Professor Richard Lance Keeble remembers a City University icon

By City Press Office (General Enquires), Published

Bob Jones, pictured in ParisMy friend and former colleague, Bob Jones, the longest serving teacher in the prestigious Department of Journalism at City, University of London, and one of its most colourful characters, has died aged 87.

Bob was part of the team that launched the innovative Journalism programme in 1979 and set up MA International Journalism in 1982.

He then ran the Magazine (at one time Periodical) master’s programme and finally, in the late 1990s, started the BA Journalism and Contemporary History course with Peter (now Lord) Hennessy at Queen Mary University of London. He only retired, as Emeritus Fellow, in 2007

Rarely to be seen without a cigarette dangling from his mouth, I once visited him in hospital. We met in a tiny room full of brooms – secretly so that he could continue smoking. Bob had amazing charm and had clearly managed to persuade the nurses to allow him his special refuge.

His office was an extraordinary academic den – with books, newspapers, magazines and piles of student copy to be assessed littered about the table and floor; there was a kettle for making tea and coffee while the walls were cluttered with posters, charts and photographs of family members. And, of course, there were also ashtrays since Bob simply ignored the university’s ban on smoking.

There was, indeed, a rebellious side to his character. During strikes he would often lead us from the steps of the Northampton Square building in the singing of some well-known folk songs, the lyrics of which he had tweaked to capture the union’s claims.

He would often motorcycle in to the University’s main Clerkenwell campus from his North London home and continue to wear his somewhat scruffy, big leather boots during his teaching sessions. When he occasionally removed them, his big toes could be seen poking out from his socks. Bob didn’t care a hoot.

Nor did his students – many of them now occupying leading positions in the media around the world – who valued his attention to detail, his vast, inspirational knowledge of the industry, his endless anecdotes, his humour, his enormous range of contacts in both Fleet Street and beyond and, above all, his commitment to principled journalism.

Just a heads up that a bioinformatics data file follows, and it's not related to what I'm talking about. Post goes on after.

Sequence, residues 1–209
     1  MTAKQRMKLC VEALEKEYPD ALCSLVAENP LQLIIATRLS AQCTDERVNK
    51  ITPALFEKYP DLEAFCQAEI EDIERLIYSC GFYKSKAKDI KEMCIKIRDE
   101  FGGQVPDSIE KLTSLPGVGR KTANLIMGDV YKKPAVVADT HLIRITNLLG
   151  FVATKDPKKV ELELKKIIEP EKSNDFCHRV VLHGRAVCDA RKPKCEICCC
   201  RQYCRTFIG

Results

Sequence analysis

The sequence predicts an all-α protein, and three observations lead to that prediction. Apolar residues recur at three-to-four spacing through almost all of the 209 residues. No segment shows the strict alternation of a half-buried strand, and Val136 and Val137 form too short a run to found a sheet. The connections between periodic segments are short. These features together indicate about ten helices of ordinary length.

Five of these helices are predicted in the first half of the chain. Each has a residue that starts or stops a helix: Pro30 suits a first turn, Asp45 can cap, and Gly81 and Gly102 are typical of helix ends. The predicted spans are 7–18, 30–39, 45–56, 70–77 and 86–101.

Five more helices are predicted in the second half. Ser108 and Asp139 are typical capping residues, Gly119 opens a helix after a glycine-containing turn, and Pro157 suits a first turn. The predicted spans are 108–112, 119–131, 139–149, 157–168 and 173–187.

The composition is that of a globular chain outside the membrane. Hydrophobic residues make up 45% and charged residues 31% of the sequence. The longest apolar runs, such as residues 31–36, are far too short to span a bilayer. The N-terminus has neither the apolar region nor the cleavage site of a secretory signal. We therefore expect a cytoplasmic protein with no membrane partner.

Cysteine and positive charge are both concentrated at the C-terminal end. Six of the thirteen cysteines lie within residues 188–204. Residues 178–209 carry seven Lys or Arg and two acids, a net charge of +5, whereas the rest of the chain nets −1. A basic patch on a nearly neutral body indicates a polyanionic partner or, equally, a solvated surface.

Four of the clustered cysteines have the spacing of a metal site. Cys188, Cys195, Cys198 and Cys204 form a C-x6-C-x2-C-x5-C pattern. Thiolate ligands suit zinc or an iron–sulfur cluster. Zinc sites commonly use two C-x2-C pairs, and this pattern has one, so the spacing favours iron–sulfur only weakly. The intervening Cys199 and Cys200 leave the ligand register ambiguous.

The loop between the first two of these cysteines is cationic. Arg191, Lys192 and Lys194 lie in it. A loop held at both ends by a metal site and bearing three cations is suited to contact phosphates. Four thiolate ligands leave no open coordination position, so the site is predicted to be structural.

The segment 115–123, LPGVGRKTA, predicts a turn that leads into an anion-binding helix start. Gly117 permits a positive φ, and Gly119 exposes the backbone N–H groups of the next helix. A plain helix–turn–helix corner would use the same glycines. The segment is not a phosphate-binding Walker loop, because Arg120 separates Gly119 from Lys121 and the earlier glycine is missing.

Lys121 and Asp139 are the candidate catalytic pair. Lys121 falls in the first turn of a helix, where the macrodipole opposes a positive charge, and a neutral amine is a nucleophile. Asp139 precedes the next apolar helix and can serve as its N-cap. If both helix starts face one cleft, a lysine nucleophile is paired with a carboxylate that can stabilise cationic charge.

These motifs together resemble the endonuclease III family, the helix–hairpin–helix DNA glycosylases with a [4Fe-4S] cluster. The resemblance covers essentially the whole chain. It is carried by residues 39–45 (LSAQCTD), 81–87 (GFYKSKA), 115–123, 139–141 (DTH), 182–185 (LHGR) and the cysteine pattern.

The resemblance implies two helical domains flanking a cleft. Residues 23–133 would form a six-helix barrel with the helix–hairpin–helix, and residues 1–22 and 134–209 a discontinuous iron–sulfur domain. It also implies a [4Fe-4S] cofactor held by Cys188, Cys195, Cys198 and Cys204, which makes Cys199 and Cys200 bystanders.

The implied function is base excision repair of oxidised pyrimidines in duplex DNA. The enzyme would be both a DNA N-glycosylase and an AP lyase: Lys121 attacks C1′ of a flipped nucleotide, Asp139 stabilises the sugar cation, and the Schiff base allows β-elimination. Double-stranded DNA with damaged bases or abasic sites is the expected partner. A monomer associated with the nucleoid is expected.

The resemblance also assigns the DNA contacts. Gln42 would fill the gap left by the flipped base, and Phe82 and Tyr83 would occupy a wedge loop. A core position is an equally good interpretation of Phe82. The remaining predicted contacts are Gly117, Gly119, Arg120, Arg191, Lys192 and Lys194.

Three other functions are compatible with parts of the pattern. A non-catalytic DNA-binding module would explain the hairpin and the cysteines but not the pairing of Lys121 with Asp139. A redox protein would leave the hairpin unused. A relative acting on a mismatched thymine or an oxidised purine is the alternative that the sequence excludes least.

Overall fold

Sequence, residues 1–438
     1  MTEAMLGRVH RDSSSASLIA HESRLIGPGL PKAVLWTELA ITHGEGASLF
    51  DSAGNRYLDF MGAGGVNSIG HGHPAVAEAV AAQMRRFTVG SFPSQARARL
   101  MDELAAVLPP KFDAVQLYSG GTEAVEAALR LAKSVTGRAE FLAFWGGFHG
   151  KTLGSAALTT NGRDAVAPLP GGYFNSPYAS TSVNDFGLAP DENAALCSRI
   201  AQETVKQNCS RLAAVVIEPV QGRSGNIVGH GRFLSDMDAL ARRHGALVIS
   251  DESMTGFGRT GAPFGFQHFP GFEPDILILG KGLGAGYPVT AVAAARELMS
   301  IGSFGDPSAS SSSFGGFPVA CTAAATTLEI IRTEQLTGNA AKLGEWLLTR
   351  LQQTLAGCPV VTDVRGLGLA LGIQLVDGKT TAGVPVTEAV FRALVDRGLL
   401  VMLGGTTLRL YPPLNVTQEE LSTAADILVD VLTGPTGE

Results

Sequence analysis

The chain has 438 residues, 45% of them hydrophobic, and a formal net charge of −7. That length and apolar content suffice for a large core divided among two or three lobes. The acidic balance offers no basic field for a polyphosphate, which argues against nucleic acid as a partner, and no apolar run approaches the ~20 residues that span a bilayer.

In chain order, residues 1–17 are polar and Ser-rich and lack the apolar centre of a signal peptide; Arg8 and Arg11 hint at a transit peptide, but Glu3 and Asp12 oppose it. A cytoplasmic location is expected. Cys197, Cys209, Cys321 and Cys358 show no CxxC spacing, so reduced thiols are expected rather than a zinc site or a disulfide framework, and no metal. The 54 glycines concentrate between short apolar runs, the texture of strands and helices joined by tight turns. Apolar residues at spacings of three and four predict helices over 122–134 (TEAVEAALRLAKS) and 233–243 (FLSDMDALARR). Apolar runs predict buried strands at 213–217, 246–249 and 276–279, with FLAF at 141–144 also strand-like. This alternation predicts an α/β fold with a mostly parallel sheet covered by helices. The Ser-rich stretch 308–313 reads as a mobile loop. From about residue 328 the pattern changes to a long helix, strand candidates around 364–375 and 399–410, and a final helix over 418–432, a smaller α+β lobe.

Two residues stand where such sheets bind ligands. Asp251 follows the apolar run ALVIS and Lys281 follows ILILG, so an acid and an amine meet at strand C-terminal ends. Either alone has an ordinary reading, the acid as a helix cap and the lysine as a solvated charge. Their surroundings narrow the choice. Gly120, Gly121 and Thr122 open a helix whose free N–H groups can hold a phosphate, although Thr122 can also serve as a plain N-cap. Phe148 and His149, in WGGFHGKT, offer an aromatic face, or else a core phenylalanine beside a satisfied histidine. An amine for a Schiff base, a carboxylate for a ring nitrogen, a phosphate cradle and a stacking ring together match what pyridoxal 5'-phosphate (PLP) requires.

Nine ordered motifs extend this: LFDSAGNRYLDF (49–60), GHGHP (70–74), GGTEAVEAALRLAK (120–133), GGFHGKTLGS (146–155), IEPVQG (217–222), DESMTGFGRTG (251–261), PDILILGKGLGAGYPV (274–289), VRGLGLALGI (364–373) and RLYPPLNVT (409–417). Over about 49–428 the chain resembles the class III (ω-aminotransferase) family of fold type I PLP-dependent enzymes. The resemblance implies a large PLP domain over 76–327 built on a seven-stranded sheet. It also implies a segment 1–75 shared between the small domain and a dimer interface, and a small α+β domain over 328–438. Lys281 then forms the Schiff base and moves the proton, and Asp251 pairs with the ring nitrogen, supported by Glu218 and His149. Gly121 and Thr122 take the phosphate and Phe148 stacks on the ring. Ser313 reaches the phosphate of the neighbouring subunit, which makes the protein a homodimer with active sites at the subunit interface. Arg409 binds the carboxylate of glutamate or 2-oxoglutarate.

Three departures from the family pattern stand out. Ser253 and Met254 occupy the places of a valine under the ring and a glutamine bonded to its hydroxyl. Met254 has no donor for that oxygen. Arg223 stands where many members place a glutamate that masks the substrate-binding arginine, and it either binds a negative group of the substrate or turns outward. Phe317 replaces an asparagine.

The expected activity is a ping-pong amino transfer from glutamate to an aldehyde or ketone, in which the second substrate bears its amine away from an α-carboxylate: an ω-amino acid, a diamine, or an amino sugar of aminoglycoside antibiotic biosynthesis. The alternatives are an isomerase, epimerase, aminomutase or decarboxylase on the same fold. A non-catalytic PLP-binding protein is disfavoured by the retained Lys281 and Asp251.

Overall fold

Bob was born in Wolverhampton and by the time he attended University of Birmingham to study Geography he had already caught the journalistic bug so spent most of his time searching for scoops for the student newspaper, the Guild News. After a stint on the Investors Chronicle, he moved to New York, in 1959, to work on Forbes magazine. In 1961, at The Statist in London, he began his investigations into Robert Maxwell’s dodgy dealings which continued when he joined The Times, in 1967. Bob is even given a walk-on part in Good Times, Bad Times (1983), Harold Evans’s account of his years on The Times and Sunday Times, being described as “a hard-headed business news reporter”.

At City, he led the move away from the old technology to the new, computer-based journalism, devoting hours during his holidays to mastering the seemingly insurmountable mysteries of the Ventura publishing system.

With the Washington Post, he helped run the Stern (now the Stern Bryan) Fellowship, allowing a British journalist to spend three months working at the Post. Winners have included Lionel Barber, James Naughtie, Cathy Newman, Mary Ann Sieghart and Gary Younge. The annual James Cameron Memorial Lecture was largely his initiative: speakers have included Alan Rusbridger, Ben Bradlee, Christine Okrent and Lyse Doucet. And he always encouraged the department to maintain close links with the alumni – carefully listing career moves in the annual journal, XCity.

His daughter, Katharine, sadly died in 2011. He is survived by his wife, Janet, daughter Holly, and two grandchildren, Joe and Dulcie.


Professor Richard Lance Keeble is Professor of Journalism at University of Lincoln. He was previously a lecturer in the Department of Journalism at City for 19 years.

Photograph: Bob Jones, pictured in Paris.

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